By midafternoon, his reservoir of nervous energy is nearly gone. They are here now; he can sense them inside this room. He muffles a yawn, rubs his eyes and calls for coffee, then rises to talk and to walk quick circles. Silence and stillness are the enemy. They must be driven far away.
He passes shelf upon shelf gleaming with trophies from his triumphs as a sailor, past plaques and shellacked magazine covers from his victories in business, past walls covered with paintings of armies slaughtering armies upon land and navies destroying navies at sea, past his five swords and three rifles from the Civil War, past the little doll of his hero, Lord Nelson, its right sleeve hanging limp. His eyes darting about the walls of the office he calls the War Room, darting from one reminder to the next of men killing, men dying, men conquering.
Explaining, as he moves, his plan to bring the world peace.
Well shy of the 74 consecutive circles his executive vice-president once counted, Ted Turner stops.
"I'm the only man on the planet ever to fly on Cuba's Air Force One with their president and on America's Air Force One with our president," he says, pulling out a photo album of his 1982 hunting trip with Fidel Castro in Cuba. "Look, this shows what I'm talking about. People are not all that different—all this killing and arms race is for nothing."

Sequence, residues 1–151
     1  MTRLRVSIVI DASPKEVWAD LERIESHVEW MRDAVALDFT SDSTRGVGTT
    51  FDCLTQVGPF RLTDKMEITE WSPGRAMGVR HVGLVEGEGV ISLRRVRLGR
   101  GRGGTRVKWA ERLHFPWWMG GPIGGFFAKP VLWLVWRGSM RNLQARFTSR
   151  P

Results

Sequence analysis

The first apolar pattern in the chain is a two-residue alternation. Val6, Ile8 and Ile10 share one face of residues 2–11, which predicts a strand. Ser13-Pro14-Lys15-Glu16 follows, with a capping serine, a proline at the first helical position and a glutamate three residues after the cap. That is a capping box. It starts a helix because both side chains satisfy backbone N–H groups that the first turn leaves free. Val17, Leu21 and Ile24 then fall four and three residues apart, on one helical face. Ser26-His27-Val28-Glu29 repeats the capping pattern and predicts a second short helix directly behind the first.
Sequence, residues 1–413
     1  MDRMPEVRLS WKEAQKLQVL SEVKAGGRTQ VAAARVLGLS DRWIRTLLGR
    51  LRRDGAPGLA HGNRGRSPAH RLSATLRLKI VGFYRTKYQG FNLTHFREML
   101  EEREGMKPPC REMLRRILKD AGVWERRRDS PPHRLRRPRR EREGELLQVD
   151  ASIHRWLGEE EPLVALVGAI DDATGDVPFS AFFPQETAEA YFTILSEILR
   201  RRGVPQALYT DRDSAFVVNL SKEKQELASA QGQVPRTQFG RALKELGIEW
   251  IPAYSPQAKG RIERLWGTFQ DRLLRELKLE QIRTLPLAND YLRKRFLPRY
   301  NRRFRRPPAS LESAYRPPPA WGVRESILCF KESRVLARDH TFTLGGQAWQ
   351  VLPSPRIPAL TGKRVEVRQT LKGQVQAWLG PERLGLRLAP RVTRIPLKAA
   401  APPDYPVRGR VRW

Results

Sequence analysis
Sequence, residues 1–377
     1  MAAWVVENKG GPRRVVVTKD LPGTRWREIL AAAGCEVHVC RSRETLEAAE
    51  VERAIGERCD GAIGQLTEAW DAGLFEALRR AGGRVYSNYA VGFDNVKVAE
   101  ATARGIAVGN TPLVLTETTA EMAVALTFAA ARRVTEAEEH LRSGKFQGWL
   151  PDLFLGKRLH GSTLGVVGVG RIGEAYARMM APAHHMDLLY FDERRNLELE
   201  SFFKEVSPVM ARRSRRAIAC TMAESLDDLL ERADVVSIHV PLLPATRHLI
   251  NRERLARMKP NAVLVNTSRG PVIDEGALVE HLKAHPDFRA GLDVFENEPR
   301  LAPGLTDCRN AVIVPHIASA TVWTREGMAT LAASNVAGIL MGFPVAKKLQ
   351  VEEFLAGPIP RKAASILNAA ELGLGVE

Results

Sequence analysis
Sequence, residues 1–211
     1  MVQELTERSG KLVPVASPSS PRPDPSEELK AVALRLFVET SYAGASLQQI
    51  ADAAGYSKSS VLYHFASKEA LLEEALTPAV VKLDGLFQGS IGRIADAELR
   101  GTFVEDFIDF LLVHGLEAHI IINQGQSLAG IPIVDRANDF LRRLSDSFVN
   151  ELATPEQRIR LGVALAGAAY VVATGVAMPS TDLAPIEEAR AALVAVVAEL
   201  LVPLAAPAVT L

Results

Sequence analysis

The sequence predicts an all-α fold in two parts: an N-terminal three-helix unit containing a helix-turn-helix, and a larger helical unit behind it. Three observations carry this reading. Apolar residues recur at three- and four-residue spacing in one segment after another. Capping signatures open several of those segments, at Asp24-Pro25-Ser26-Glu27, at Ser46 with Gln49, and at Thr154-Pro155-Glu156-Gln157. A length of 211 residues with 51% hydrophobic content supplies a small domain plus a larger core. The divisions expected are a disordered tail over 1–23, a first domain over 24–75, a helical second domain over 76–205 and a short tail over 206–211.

He points to photographs of Castro. "Here's the great Commie dictator we're so worried about—having a hot toddy! Ha! And look, here's the great Commie dictator in his bare feet!"
He points to one of Turner and Castro in camouflage outfits. "Here's us hunting. Twenty-two attempts on his life by the CIA and I'm sitting next to him with a loaded rifle! Can you believe that? ...I could've shot him in the back!"
He points to one of a blonde about to burst from her bathing suit. "That's the little girl I took to Cuba with me."
And he points to one of Castro and him kneeling before a large gathering of ducks. All 153 are dead.
"He gave me the award for shooting more than anyone he'd ever hunted with," Turner says. "Good pictures? They're great pictures!" He snaps the album shut and begins to circle again, explaining his plan to bring the world peace.